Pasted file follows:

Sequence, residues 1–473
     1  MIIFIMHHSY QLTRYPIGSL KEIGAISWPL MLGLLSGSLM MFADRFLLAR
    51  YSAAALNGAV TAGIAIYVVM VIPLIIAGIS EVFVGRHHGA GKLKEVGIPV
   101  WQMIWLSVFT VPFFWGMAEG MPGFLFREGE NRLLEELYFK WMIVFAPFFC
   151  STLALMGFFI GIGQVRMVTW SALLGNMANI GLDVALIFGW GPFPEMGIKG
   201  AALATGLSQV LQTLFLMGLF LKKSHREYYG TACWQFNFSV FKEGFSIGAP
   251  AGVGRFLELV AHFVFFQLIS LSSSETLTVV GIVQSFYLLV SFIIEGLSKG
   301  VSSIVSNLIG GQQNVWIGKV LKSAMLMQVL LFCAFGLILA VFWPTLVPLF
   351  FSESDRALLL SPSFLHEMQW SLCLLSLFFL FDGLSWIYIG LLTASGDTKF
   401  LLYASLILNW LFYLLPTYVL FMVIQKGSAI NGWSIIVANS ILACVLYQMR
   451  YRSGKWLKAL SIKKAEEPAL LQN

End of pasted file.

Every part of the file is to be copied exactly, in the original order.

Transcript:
Sequence, residues 1–473
     1  MIIFIMHHSY QLTRYPIGSL KEIGAISWPL MLGLLSGSLM MFADRFLLAR
    51  YSAAALNGAV TAGIAIYVVM VIPLIIAGIS EVFVGRHHGA GKLKEVGIPV
   101  WQMIWLSVFT VPFFWGMAEG MPGFLFREGE NRLLEELYFK WMIVFAPFFC
   151  STLALMGFFI GIGQVRMVTW SALLGNMANI GLDVALIFGW GPFPEMGIKG
   201  AALATGLSQV LQTLFLMGLF LKKSHREYYG TACWQFNFSV FKEGFSIGAP
   251  AGVGRFLELV AHFVFFQLIS LSSSETLTVV GIVQSFYLLV SFIIEGLSKG
   301  VSSIVSNLIG GQQNVWIGKV LKSAMLMQVL LFCAFGLILA VFWPTLVPLF
   351  FSESDRALLL SPSFLHEMQW SLCLLSLFFL FDGLSWIYIG LLTASGDTKF
   401  LLYASLILNW LFYLLPTYVL FMVIQKGSAI NGWSIIVANS ILACVLYQMR
   451  YRSGKWLKAL SIKKAEEPAL LQN